The program is funded with annual appropriations. “We are in a continuing resolution, working on the premise of the availability of funds for fiscal year 2011,” Canales explains. The 2008 Farm Bill established a 5-year window for the grants, adds McDonald. “This is really helpful. You know the program is there and you know at least some amount of money is going to be allocated. However the REAP grants have not been easy to get. They are highly competitive.”

The USDA’s Natural Resources Conservation Service (NRCS) recently made anaerobic digestion a higher priority conservation practice. As a result, McDonald expects to see an increasing number of digester projects benefiting from conservation funds. One NRCS program, the Environmental Quality Incentives Program (EQIP), offers financial and technical help to install or implement conservation practices on agricultural land. Practices applicable to digester projects include waste storage facilities, waste transfer, composting facilities, solid/liquid waste separation and nutrient management. Raker is pursuing strategies to leverage EQIP and REAP to fund anaerobic digester projects in Vermont. Project costs are split into a manure management component, which NRCS covers through EQIP, and the collection and conversion of biogas into useable energy, which is funded through REAP.
Financing for anaerobic digester projects approved by NRCS is also available through the USDA’s Farm Service Agency’s (FSA) conservation loan program. FSA makes direct loans for up to $300,000 and guarantees loans up to $1.12 million.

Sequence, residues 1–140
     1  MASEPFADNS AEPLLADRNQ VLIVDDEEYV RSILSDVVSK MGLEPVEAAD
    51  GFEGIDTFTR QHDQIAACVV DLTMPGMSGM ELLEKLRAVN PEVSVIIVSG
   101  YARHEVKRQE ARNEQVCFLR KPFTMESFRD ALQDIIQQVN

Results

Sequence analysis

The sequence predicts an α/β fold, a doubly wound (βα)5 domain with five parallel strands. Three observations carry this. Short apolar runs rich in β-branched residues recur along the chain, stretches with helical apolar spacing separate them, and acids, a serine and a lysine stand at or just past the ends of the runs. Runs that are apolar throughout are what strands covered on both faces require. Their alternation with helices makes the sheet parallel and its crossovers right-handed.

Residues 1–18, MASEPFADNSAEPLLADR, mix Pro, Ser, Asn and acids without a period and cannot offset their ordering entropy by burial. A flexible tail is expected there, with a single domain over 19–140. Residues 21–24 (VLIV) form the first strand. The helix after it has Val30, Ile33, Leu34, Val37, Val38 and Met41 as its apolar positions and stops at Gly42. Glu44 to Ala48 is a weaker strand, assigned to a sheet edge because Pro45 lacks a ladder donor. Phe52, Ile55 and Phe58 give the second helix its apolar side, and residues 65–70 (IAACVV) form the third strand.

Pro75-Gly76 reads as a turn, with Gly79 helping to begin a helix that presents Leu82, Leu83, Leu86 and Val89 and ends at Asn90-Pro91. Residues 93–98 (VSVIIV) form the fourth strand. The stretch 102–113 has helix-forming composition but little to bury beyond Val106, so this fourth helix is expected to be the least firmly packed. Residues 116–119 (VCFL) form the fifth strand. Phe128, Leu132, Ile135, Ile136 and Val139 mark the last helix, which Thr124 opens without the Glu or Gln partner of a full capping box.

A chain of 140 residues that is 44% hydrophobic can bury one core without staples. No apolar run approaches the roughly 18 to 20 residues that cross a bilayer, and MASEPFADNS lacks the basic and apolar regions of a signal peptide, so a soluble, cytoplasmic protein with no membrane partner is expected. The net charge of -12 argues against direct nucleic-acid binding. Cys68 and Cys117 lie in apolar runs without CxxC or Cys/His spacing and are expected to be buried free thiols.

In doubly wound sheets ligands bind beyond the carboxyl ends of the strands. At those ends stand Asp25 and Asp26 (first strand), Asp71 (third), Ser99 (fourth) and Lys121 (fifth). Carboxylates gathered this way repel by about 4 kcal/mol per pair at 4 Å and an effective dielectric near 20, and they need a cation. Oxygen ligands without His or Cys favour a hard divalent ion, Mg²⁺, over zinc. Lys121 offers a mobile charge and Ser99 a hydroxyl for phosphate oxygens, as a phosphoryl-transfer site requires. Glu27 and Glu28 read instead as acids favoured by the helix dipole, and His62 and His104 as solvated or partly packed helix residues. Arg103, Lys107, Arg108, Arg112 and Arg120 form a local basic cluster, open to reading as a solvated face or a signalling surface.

The 2010 tax compromise amended bonus depreciation provisions, which allow businesses to recover investment costs through accelerated depreciation. Eligible properties placed in service after September 8, 2010 and before January 1, 2012 qualify for a 100 percent first year bonus depreciation. For 2012, the allowable deduction decreases to 50 percent. “This is a nice source of cash as well as a nice way of reducing the cost of a project,” McDonald says. The extra cash can reduce the size of the loan projects need to carry forward or provide a means of attracting additional investors. “You can allocate depreciation to investors and you do not need to allocate it in proportion to the ownership percentage,” she explains.
New Markets Tax credits were created to stimulate jobs and economic development in distressed urban and rural communities. Under the program private investors investing in eligible businesses, such as energy projects, receive federal tax credits. “There are a few projects accessing these funds,” McDonald says. “Typically it’s done for larger projects.”